Wednesday, August 21, 2013

The Automator's Manifesto, Part One

In my career in the software field, I've had to teach myself about what quality software was. What the differences were between successful software projects, and unsuccessful ones. It's been a long and often frustrating journey, but I feel like I've come out of it with some principles that could be helpful in guiding people in the field.

My principle strength in software development is pattern recognition, especially behavioural. I've used this over the years to refine my approach to software development, by analyzing my own behaviour and that of those around me. For this topic, I've tried to apply that at a higher level to my experience with test automation. What is it about automation that most consistently delivers value? What consistently doesn't? Are there practices can guide us towards the former and away from the latter?

Certainly, to a degree, everything here is derived from common software best practices, but I believe I am able to tailor them in a way that is uniquely suited to the automator. That's why this part is sub-titled…

Automation is Software

(I use the term "automator" as a generalization of test automation developer, quality engineer, software engineer in test, and a dozen other titles).


Apply Best Practices, as best you can

I'm sure we've all heard the statistics about how 50%, 75% or 90% of all software projects fail in some way. If we've been around the block, we may even understand some of the steps to take to improve our chances, commonly called "best practices". Automation projects are almost always directly dependent on some other software project, and when they go down, the automation often goes with them.

So from the start, the odds aren't good with your automation. But then consider that of all software projects, automation seems to be the place where best practices are least… practiced. I'm talking about things like:
  • Requirements gathering
  • Structured development process
  • Documentation
  • Unit, etc. tests
  • Source control (I've seen this missing several times)
Not to say that every piece of automation needs all of these, just that an automation project is like any other software project, and if we fail to apply common knowledge about software projects to it, we are shooting ourselves in the foot.
What's more, by practicing these things, you become better equipped to ensure they get applied to the project you are developing automation for, primarily because it can help you establish credibility with the developers working on it. Walking the walk, and all that.

Have a Client

A key aspect of most successful software projects is the presence of an engaged client. As in most aspects, Automation is no different. Someone who understands the value that you are supposed to be delivering is in the best position to help you understand what needs to be done to deliver that value. Do not simply write tests because there was a decree "we need tests for X".

Instead, you need to understand where the desire for tests comes from? Is it that developers are hesitant to make changes because they have no safety net? Is it that there are lots of regressions in production? Is it that there's a performance optimization project underway, and metrics are needed? Each case would suggest a different focus, and there are many more cases.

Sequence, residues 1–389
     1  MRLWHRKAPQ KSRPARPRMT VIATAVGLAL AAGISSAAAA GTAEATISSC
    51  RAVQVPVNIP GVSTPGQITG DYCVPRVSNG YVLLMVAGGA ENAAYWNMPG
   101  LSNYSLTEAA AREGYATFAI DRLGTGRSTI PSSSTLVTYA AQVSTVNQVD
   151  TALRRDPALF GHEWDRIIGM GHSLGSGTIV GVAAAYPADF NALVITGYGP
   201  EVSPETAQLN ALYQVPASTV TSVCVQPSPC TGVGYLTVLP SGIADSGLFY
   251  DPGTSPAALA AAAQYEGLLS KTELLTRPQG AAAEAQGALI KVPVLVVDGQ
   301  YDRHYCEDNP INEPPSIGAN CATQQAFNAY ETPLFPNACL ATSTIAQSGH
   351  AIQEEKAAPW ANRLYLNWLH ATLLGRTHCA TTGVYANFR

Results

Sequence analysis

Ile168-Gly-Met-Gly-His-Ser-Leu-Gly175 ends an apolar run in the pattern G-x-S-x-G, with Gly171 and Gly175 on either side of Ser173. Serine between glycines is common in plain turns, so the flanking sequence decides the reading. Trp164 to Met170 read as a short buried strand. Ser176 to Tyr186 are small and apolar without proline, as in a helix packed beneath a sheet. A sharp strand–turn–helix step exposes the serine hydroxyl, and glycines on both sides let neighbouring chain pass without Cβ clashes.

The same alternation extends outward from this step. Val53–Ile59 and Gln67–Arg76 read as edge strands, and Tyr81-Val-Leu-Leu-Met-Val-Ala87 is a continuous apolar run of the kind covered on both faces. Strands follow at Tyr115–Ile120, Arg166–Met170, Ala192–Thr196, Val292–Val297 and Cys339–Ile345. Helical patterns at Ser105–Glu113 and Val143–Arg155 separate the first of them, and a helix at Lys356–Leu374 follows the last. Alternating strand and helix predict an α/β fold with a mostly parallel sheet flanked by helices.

But in order to get to this point where you have identified the need, and make progress against meeting it, you need a partner who will vet requirements and validate progress. You need a client. This can be a team of developers, a particular developer, someone in management, or others. But they need to understand the value you are expected to deliver, and have the time to confirm that you are doing so.

Fight on the best terrain available to you

As I believe is common to anyone who has been in this field for a while, actually automating tests is not always the best way you can improve the quality of the software. As described in "Test is Dead", many companies have user bases that accept being used for beta testing. Sure, it might not always be so, but if that is the situation you find yourself in, attempting to keep bugs from those beta testers will not be an ideal use of your time.

A robust functional test suite for a rapidly changing product might cost more in maintenance then it delivers in the first few years. A development team without a mature development process will gain little by forcing them to write unit tests.  Sometimes there's more value to be gained in doing SysAdmin or DevOps type work, such as creating continuous integration infrastructure. The important thing about being an automator is establishing processes that will make producing higher quality software easier. Whether those are actual automated tests run against software, or merely conventions established to improve communication during development is not important. What is important is that you make producing quality software the easiest thing for the developers.

In order of priority, I would suggest:
  • Establish a development process
  • Establish a development environment
  • Automate tests
  • Automate monitoring
Each of these makes the following item easier and more valuable.


Automation is Software, so:
  • Follow best practices, as best you can
  • Have a client, who can validate the value you deliver
  • Understand the terrain of the project you are automating against, and tailor your focus to that
Join me next time as I dive into the value of Proactive Transparency, the danger of Entropy Factors, and the deceptive bliss of Measuring Everything.